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Naalala ko pala, tinanong ako niyan kung may bank account ako. Sabi ko wala naman akong bank account. Sabi niya mag-open ako ng account dito para matulungan niya ako paminsan-minsan, magsi-send siya ng pera para sa mga anak ko,” said Leilani. “Buti pala di ako sumunod.”

(I just remembered that he asked me if I had a bank account. I said I didn’t have any. He said I should open an account so he could help me by sending money for my kids once in a while. It’s a good thing I did not comply).

There are also scammers who use the victim's ATM card to launder money

Stories shared by some members of Facebook group, Domestic Workers Corner, recount the same ploy, but with a twist. At least three have posted about having boyfriends who are supposedly doctors connected with big international aid agencies, but who somehow needed to be sent money due to some emergency.


The latest post was made on Wednesday, Jan 13, on DWC’s Help group by a member who said her friend was borrowing money because she needed to bail out her virtual boyfriend.

As in the other cases, the man supposedly sent a parcel to his girlfriend, but it was held by Customs and would not be released until she paid $10,000 in “clearance and other fees”. What sent the girlfriend panicking was the warning that her boyfriend would be jailed for 12 years if she didn’t pay up.

The message sender said her friend was begging to be allowed to use her name to take out a loan from the bank to pay for the man’s release. Luckily for this sender, her visa was about to run out so she had to say no.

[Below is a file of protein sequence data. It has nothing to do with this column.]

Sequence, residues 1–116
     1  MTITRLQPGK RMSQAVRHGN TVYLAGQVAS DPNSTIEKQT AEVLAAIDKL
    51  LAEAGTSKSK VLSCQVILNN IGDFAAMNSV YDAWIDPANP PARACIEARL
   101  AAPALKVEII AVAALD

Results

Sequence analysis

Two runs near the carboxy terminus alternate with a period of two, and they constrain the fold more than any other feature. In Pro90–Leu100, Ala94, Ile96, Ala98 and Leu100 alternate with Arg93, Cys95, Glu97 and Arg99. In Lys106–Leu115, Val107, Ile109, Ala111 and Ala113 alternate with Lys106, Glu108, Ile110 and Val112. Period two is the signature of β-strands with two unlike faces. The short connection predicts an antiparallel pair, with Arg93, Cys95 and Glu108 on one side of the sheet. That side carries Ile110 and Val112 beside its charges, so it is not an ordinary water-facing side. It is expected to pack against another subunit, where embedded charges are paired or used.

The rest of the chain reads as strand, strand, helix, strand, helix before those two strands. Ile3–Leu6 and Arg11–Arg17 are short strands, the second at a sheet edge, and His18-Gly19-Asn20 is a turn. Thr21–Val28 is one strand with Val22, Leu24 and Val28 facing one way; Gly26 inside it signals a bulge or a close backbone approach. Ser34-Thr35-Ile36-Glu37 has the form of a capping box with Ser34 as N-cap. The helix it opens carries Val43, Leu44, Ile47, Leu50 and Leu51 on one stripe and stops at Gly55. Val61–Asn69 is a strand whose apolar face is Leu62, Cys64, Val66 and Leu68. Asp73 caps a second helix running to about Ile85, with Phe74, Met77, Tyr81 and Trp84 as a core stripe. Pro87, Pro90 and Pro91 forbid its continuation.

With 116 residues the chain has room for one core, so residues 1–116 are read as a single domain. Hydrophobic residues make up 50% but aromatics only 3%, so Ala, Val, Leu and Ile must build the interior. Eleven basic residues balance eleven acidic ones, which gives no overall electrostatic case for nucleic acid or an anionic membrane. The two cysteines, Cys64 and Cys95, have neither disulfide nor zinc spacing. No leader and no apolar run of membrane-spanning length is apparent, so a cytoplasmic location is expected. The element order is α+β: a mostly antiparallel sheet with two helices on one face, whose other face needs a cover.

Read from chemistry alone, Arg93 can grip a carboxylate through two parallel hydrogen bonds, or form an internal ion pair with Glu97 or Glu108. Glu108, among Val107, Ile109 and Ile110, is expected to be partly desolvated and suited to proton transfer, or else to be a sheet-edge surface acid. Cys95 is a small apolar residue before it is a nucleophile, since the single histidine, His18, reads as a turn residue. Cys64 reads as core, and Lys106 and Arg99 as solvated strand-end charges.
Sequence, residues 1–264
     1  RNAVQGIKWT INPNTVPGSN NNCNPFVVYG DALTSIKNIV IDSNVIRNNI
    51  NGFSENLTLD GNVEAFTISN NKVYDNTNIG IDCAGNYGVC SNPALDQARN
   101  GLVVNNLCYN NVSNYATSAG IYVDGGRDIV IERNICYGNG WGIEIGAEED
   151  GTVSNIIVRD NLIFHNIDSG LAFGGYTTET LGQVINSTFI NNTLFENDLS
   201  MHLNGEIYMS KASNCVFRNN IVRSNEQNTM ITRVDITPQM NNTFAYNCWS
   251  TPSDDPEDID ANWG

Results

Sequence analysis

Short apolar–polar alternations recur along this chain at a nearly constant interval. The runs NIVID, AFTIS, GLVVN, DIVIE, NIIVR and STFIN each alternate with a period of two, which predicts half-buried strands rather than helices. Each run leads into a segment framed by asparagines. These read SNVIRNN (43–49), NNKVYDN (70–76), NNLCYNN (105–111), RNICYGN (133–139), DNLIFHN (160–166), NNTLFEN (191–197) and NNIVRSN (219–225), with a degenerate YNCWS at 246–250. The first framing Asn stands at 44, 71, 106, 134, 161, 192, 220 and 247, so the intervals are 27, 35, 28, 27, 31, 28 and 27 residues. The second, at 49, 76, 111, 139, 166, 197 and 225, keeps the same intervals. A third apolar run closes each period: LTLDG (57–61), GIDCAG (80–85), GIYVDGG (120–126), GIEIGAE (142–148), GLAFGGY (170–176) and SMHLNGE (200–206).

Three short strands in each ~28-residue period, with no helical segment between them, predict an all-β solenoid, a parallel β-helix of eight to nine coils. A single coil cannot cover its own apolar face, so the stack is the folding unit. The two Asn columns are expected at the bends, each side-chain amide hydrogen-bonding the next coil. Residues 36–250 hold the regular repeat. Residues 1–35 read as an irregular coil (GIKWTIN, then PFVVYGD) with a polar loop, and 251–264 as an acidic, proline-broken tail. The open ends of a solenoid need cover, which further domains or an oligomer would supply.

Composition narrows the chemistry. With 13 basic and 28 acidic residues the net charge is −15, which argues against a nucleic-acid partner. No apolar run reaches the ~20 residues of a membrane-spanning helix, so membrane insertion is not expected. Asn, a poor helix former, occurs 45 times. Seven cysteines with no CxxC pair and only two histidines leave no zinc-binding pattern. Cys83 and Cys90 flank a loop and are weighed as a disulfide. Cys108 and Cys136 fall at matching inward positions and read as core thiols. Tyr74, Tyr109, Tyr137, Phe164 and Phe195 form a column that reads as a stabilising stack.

The post was made at 3:53pm and before the day ended, it had attracted more than 1,000 comments warning the sender that the whole thing was a scam. It was, at best, an indication that the repeated warnings from police about these scams were at least hitting home.


Here are some advisories issued by the police about the other more common form of deception used on OFWs, which is the ATM or money laundering scam:


The scammers make acquaintance with victims online. Once they have gained the latter’s trust, they will ask to borrow the victims’ accounts for allegedly lawful purposes using various pretexts. In fact, the scammers are making use of the victims’ accounts to collect illicit moneys and lure the victims into withdrawing the money for them.


The act of lending one’s account to others for unlawful purposes might have constituted the offence of "Dealing with property known or believed to represent proceeds of indictable offence" (money laundering) which carries a maximum sentence of 14 years' imprisonment and a fine of HK$5 million. The police appeal to the public not to open bank accounts for or lend their own accounts to others lest they would breach the law on money laundering.


  1. Don’t lend your bank accounts to others.
  2. Don’t disclose details of your bank accounts to others.
  3. Remind your relatives and friends the risk of scams.
  4. If in doubt, please call the Anti-Scam Helpline 18222 immediately.